It was the next to last night on a week long cruise of the Galapagos aboard the Lindblad/National Geographic ship, The Endeavour. Unlike a mega-ship tour of the Caribbean, the Endeavour is a fairly small ship, and the exploration of the island chain included rigorous hikes and early mornings. The unintended consequence of this close-quarters cruising were quickly made friendships with the other guests.
We had swam with sea lions, stood inches away from blue-footed boobies and their chicks and scaled the top of Bartolomé Island for incredible views of the sunken caldera below. Our days began around 6am, included nature hikes until lunch and then snorkeling in the afternoon. After five days of NOT sitting in front of a computer all day, I was exhausted but revitalized. My energy level and intellectual curiosity were at all time highs and I was loving life.
Even though the Lindblad ship was small, that’s not to say it was uncomfortable. Lindblad prides itself in providing guests with unique access to some of the most interesting regions of the world, but comfortably. Most modern conveniences were provided, except one – there were no televisions to be found anywhere on board. After the first day of visible CNN withdrawals, we soon found their absence to be liberating. Instead of holing up in one’s cabin, everyone spent their evenings in the common areas, talking, laughing and just enjoying each other’s company.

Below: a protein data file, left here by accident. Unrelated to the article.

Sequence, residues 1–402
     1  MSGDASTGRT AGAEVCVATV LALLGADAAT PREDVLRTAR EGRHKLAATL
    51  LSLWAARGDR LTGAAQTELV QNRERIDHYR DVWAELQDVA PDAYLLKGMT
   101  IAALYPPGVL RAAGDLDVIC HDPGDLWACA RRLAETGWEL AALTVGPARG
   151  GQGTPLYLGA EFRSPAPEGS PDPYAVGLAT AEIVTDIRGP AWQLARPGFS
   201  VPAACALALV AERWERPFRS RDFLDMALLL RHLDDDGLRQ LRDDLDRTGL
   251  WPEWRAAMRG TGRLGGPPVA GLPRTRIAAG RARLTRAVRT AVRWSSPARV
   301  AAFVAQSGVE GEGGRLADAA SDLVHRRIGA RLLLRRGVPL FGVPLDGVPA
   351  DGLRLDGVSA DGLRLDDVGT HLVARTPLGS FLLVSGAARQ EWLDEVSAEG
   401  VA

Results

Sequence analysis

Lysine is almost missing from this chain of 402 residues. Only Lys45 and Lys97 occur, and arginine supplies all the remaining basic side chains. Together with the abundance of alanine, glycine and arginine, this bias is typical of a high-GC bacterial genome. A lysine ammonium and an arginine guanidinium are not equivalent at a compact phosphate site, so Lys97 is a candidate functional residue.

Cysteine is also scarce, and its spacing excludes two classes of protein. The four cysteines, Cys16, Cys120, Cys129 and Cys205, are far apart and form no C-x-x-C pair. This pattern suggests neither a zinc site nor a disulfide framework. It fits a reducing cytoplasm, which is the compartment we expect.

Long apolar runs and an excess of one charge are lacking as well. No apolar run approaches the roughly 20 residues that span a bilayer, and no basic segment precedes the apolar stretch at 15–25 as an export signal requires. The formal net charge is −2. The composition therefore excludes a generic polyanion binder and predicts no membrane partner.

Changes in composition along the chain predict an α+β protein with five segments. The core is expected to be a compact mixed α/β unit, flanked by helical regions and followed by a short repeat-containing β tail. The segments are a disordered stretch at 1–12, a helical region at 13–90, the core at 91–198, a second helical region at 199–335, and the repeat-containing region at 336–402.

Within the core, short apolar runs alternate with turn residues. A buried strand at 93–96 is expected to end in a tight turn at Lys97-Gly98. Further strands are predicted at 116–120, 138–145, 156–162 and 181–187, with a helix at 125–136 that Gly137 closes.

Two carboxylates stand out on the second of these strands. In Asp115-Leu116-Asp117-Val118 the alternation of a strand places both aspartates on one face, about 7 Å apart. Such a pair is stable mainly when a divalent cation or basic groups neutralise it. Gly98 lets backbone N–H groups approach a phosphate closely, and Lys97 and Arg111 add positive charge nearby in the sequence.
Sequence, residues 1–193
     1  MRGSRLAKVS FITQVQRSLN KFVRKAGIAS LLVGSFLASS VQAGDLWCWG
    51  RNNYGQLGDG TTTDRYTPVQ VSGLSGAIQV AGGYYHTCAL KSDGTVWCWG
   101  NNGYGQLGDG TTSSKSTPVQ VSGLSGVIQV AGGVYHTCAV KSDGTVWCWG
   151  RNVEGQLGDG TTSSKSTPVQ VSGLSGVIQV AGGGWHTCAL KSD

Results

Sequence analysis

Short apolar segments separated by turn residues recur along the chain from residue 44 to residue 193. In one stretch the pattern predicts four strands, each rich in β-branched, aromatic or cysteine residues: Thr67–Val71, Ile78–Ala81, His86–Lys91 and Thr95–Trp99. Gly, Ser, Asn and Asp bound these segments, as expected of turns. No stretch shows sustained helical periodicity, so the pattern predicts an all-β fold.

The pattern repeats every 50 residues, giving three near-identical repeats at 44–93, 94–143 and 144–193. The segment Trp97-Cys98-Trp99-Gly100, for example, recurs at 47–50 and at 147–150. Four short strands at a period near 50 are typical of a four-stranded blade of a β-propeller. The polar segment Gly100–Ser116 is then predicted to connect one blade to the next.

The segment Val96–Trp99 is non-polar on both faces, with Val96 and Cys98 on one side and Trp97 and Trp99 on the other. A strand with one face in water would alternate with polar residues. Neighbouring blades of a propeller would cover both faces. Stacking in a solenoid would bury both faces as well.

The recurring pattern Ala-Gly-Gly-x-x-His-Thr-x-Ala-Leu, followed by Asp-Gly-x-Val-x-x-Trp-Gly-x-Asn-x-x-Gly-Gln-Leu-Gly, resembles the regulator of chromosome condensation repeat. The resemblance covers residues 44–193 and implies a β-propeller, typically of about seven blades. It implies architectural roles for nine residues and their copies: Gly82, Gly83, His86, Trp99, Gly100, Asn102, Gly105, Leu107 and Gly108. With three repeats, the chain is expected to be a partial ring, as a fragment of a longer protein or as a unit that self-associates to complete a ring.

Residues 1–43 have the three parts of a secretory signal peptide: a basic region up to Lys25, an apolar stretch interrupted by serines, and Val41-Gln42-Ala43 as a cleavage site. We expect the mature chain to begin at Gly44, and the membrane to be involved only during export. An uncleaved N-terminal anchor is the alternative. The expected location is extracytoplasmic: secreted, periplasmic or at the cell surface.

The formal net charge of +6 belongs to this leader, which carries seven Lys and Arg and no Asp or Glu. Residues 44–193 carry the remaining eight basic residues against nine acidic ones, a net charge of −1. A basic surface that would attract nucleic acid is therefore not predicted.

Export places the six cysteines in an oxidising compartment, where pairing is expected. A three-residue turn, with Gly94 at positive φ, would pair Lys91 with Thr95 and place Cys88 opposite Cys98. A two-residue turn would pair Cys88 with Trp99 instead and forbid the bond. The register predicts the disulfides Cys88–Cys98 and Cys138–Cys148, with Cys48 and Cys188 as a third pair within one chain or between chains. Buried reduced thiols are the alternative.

Even as amazing as the days spent walking around with giant tortoises were, I looked forward to our evening ritual of sitting on the stern deck, playing board games and having some beers. The guests all came from incredibly diverse backgrounds, and it was fascinating to listen to everyone’s stories as the waves gently lapped against the side of the vessel.
On that evening, dangerously close to the end of the cruise, we decided to walk to the bow of the Endeavour, away from the lights on the stern deck. Walking on the front deck was like being in a darkroom. No lights from the ship were on and instead we found ourselves enveloped by a new world. One by one, we looked up, our mouths agape and stood transfixed by the cosmic show overhead.
I thought I had seen the night sky before and I thought I was prepared for the view of the stars from the Southern Hemisphere, but I was woefully mistaken. The sheer enormity of the sky was what hit me first; it seemed to go on forever. Living in the suburbs of a major metropolitan area, the light pollution and the tightly planned communities simply don’t afford scenes like the one I was witnessing.
I was never very good at astronomy, which constellations are which, but it didn’t matter. The dazzling light show was almost beyond comprehension. My eyes kept darting from one grouping of stars to another, unsure which was more brilliant.
Eventually, after twenty minutes or so of silent, mindless admiration of the heavens we all shuffled back inside, almost as if on cue. No words were spoken, none were sufficient to capture the brilliance of the moment.
Even after a week of remarkable displays of nature’s beauty and its tendency to amaze, that simple evening was the single most impressive moment of the trip.